Most homebrewers have been told that they should keep their fermenters and bottled beer in the dark to avoid skunky or lightstruck flavors but might wonder why this is the case. To help separate bro science from real science, I thought this would be a good question to answer today.
Fermenting beer needs to be in the dark during fermentation and kept in the dark after bottling to avoid developing the lightstruck off-flavor, also known as skunky. When beer is exposed to light, a chemical reaction quickly produces the 3-methylbut-2-ene-1-thiol (3-MBT) compound responsible for the off-flavor which will never go away.
We’ve all heard that clear and green beer bottles will lead to skunky beer but most people don’t realize that sunlight can create off-flavors in beer so quickly and that great care should be taken to minimize beer’s exposure to light during fermentation and beyond.
Why ferment in the dark
Keep your fermenter in a cool, dry, dark place.
This advice is super common for homebrewers to see because it’s incredibly important to follow it if you want to brew tasty beer. Fermentation is an incredibly complex process and while variables such as temperature, pitch rate, and yeast health will have huge impacts on the final flavor, sunlight is one that isn’t often discussed.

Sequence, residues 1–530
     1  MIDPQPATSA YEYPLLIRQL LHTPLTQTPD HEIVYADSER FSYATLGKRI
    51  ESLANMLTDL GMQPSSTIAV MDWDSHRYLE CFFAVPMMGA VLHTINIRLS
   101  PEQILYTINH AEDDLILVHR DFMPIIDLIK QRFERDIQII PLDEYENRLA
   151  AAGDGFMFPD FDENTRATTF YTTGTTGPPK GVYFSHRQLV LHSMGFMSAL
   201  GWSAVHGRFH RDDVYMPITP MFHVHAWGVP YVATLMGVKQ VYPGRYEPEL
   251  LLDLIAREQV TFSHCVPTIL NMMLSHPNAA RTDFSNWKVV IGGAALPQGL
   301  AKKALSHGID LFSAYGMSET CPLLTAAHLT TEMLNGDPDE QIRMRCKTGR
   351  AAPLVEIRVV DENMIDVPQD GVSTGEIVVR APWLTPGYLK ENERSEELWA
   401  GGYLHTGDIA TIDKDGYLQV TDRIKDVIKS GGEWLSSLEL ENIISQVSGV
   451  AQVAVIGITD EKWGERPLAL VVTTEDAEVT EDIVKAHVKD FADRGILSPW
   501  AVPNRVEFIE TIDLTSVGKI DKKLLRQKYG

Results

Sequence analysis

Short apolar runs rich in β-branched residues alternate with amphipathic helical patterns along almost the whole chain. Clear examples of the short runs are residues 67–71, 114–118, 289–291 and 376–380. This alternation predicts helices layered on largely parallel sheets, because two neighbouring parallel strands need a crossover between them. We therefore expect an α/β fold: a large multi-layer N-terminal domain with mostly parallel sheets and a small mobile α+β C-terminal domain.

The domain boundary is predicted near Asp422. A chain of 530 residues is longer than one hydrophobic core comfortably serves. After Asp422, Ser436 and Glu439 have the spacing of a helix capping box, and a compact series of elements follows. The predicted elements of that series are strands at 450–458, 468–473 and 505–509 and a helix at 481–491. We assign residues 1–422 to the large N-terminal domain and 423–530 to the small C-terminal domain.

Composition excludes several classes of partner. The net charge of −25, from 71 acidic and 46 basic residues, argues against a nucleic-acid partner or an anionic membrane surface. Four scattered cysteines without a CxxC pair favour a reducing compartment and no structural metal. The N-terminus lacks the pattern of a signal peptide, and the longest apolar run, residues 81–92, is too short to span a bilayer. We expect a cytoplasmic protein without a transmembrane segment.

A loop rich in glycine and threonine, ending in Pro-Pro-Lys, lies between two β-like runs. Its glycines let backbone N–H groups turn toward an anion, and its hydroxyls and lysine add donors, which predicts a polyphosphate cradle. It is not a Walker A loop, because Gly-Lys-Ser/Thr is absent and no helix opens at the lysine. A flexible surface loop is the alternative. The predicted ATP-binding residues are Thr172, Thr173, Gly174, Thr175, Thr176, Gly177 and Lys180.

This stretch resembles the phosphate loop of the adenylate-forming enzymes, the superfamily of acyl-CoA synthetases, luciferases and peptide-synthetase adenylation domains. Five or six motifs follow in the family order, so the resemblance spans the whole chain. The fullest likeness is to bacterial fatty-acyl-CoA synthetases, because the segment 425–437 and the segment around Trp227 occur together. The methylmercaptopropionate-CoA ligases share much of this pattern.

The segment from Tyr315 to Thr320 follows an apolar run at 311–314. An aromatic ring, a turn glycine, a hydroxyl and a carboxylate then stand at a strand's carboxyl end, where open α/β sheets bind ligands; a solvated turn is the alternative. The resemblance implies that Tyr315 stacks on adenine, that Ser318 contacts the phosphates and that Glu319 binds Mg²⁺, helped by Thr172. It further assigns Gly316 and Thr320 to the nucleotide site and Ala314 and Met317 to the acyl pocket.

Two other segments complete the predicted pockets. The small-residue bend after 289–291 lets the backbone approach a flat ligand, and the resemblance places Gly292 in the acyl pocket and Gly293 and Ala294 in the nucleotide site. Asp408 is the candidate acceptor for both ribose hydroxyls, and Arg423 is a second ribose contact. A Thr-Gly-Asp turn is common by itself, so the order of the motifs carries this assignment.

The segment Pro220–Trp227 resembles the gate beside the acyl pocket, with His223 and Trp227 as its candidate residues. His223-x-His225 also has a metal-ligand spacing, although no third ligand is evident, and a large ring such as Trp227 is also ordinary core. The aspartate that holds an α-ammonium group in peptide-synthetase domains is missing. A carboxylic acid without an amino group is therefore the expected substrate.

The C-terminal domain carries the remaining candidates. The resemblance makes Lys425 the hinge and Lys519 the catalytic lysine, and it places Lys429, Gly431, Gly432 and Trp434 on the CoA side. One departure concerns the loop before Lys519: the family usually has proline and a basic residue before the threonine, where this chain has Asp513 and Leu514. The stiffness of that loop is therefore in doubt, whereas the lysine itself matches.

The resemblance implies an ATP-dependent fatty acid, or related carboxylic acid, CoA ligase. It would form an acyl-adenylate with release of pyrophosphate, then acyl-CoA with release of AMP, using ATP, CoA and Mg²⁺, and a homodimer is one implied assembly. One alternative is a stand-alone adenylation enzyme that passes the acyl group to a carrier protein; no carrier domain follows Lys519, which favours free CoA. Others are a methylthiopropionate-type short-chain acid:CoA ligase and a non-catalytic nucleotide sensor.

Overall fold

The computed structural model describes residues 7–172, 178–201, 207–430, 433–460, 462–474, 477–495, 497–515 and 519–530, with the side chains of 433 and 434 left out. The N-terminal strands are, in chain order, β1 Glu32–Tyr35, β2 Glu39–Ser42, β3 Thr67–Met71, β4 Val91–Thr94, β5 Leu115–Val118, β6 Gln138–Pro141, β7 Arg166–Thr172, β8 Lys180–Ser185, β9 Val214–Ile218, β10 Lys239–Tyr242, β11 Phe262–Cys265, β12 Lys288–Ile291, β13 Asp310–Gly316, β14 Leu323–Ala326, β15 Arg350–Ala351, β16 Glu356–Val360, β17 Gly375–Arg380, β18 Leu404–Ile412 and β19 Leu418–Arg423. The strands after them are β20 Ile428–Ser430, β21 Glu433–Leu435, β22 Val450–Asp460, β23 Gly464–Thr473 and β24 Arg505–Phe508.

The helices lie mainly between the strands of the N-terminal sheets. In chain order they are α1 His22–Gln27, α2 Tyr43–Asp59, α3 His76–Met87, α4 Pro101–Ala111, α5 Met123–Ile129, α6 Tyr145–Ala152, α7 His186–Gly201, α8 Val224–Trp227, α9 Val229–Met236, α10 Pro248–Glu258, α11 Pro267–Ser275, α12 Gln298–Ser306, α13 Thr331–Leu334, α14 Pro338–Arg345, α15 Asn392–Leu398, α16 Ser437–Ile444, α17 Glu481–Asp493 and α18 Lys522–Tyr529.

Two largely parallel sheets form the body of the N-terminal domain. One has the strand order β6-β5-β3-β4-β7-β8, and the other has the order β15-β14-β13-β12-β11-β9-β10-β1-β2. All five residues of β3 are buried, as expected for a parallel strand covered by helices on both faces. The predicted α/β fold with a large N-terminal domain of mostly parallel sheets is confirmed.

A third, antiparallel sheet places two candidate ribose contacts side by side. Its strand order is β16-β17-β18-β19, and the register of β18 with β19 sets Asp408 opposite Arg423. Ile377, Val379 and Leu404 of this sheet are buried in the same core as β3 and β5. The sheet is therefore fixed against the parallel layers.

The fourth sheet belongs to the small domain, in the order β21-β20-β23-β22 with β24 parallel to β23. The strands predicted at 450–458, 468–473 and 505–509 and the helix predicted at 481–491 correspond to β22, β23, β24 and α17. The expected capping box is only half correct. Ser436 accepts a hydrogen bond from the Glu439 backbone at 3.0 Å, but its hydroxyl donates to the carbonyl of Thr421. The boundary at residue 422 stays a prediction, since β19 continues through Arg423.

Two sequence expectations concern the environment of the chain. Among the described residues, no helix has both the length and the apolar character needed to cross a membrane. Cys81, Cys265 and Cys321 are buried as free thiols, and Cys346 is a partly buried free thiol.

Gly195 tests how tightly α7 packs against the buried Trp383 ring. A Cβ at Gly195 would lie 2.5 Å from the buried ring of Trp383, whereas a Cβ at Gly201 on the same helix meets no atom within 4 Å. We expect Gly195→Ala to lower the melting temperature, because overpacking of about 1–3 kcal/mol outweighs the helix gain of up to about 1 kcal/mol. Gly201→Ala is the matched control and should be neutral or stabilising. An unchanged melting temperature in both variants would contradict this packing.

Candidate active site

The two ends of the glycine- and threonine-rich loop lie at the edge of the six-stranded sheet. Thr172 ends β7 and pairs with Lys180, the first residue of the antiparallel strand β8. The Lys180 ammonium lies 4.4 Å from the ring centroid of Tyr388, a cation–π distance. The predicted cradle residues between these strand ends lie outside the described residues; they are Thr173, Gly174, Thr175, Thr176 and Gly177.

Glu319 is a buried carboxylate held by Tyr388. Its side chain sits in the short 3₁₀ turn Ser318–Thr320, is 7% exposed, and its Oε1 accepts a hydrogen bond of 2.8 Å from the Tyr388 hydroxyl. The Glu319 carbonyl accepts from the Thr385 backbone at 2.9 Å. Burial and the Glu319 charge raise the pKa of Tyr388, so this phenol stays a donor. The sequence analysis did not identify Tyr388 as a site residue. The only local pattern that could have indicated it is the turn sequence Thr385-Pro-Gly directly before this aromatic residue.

If you ferment your beer in direct sunlight, there is a very high probability that it will develop the lightstruck off-flavor which will not go away with age and typically only gets worse.
Whether by accident or on purpose, most homebrewers probably keep their fermenters in a relatively dark place simply because it’s easier to control the temperature inside your house than outside it.
If your fermenter is quietly bubbling along inside your closet, for instance, there is little chance it will be exposed to any UV rays.
Still, many homebrewers utilize a windowed garage or basement for their brew sessions and it is possible that they are fermenting in a place where light can make contact with beer to produce a horrible, skunky off-flavor.
How does light affect beer?
Since the chemical process is a fairly complicated process and I’m no scientist, I’ll simply say that when sunlight comes into contact with an ingredient inside beer related to hops called isohumulones the result is an off-flavor called lightstruck.
In slightly more scientific terms, the UB-B and UV-A rays inside sunlight create an immediate and irreversible chemical reaction inside beer that produces the 3-methylbut-2-ene-1-thiol (3-MBT) compound that lends skunky beer its characteristic flavor.
This off-flavor has been recognized in beer since at least the late 1800s and brewers have made it a point to minimize the amount of light that beer comes into contact with ever since. Putting beer into barrels, casks, kegs, and even brown bottles all helps to reduce the amount of light making contact with beer and helps improve their shelf life as a result.
It is no surprise that the beers most infamously well known for their skunkiness are the ones that come inside clear or green bottles.